Now you need to think about the style of logo that you are looking for. Here are some examples of what we mean by this.
- Modern, clean logos are easy to read and minimalist. They’re ideal for a brand that wants to present itself as reliable and strictly business
- Retro, classic logo provide sensations of warm nostalgia and familial trust. They can work for a brand that seeks an emotional connection with customers.
- Classic logos may not be as exciting or instantly recognisable as retro or modern designs, but in many respects offer the best of both worlds. They never go out of style.
- Quirky logos could include a mascot or cute character. These will provoke a feeling of fun and frivolity. Whether that’s a good or bad thing depends on your perspective!
A good logo should be timeless, ensuring that you only need to change if you feel it’s time for a refresh. This means that you need to be careful about being too beholden to current trends. The whims and fancies of the human race change like the wind. Do not hitch your wagon to a design that is firmly implanted in the year 2020 – it could be outdated by 2021.
There is undeniable psychology to branding, and colour plays a huge role in this. The colour scheme that you choose for your logo can effortlessly reflect your brand values. If you place a great deal of emphasis on eco-friendly credentials, for example, a green logo is advisable.
Take a look at the table below for the common emotional reactions to colours. Pick what kind of reaction you are attempting with your logo and consider applying these shades to the design.
|Emotional reaction||Related colours|
|Action and Excitement||Red, Orange|
|Friendliness and Approachability||Yellow, Blue|
|Intelligence||Grey, Blue, Red, Brown|
|Joy||Yellow, Pink, Green|
|Luxury and Opulence||Purple|
|Stability||Blue, White, Green, Brown|
|Tradition||Black, White, Grey, Brown|
|Trust||Blue, Green, Grey|
Of course, there will still be other considerations. You’ll need to ensure that a logo matches the colour scheme of your brand as a whole. These suggestions are a great way to get started, though.
Font and typography
Finally, you need to review the font of any text on your logo. Like so many parts of the design process, this is something of a tightrope. It’s tempting to use a unique font, so you stand apart from your competitors. What happens if this font is not supported by a printer or digital platform, though? It could end up illegible.
Equally, avoid generic fonts like Arial or Times New Roman. These will not stand out in any way. And please, in the name of that is holy, never even consider Comic Sans! Many experts recommend using Serif or Sans Serif fonts for a company logo. These fonts are clear, timeless and elegant.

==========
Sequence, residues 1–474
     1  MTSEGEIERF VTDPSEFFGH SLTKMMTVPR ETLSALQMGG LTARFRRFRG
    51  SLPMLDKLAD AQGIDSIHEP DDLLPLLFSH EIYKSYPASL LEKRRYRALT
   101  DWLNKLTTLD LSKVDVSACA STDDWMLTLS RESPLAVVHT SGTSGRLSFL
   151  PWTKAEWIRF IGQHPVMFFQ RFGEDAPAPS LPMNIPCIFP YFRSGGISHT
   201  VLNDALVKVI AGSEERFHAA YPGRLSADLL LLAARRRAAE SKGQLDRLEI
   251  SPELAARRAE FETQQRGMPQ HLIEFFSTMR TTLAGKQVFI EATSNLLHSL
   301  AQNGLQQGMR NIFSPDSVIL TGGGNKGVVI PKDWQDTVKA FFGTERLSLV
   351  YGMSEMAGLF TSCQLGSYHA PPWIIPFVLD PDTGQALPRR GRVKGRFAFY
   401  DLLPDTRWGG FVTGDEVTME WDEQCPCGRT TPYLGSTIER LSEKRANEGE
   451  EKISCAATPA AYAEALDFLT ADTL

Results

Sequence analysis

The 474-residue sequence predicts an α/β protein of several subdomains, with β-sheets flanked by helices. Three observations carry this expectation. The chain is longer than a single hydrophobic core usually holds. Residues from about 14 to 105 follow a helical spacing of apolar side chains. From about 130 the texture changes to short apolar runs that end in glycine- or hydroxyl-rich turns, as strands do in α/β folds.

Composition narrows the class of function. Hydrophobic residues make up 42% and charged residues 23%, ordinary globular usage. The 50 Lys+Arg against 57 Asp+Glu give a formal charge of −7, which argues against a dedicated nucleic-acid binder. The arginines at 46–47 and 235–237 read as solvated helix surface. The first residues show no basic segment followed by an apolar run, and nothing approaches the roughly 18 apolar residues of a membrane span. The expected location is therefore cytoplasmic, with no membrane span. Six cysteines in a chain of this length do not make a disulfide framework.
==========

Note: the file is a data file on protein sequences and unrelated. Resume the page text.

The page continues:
The core difference is that a Serif font will include small strokes or lines at the end of letters. This can convey an air of sophistication, so Serif is best utilised if you are opting for a classical logo. Sans Serif is every bit as clear but lacks these additional flourishes. This is great for a modern or minimalist look – nobody will struggle to read or understand a Serif font.
5. Consider professional help and advice
You may be keen to manage the design and creation of your logo in-house. After all, this is your brand, and you have spent countless hours designing and finessing the potential designs.
All the same, it’s advisable to seek outside help and opinion. Whether that’s a graphic designer on Fiverr or a professional agency is up to you. It all depends on your budget. Try to remember, though. These people design for a living. They have an innate understanding of what works and what does not, born of years of experience. Approach multiple possible designers, ensuring you choose somebody that feels like a fit with your business.
Yes, there will be a cost attributed to this. Logo design is not the time to shave pennies from the pound, though. Done right, your logo can become the best investment that you’ll ever make. A great logo can be eternal.
As the adage goes, “buy cheap, pay twice.” If you find that your logo rollout is unsuccessful because you refused to assign an appropriate budget, you’ll lose a lot more than money. The reputation of your brand could be irreparably damaged.
6. Perform market research
Back in Point 2, we suggested reaching out your target audience to learn about the perception of your brand. Now that you have a handful of designs in mind, you should start communicating again. This time, you intend to learn whether these attempts at reflecting your core values have been successful.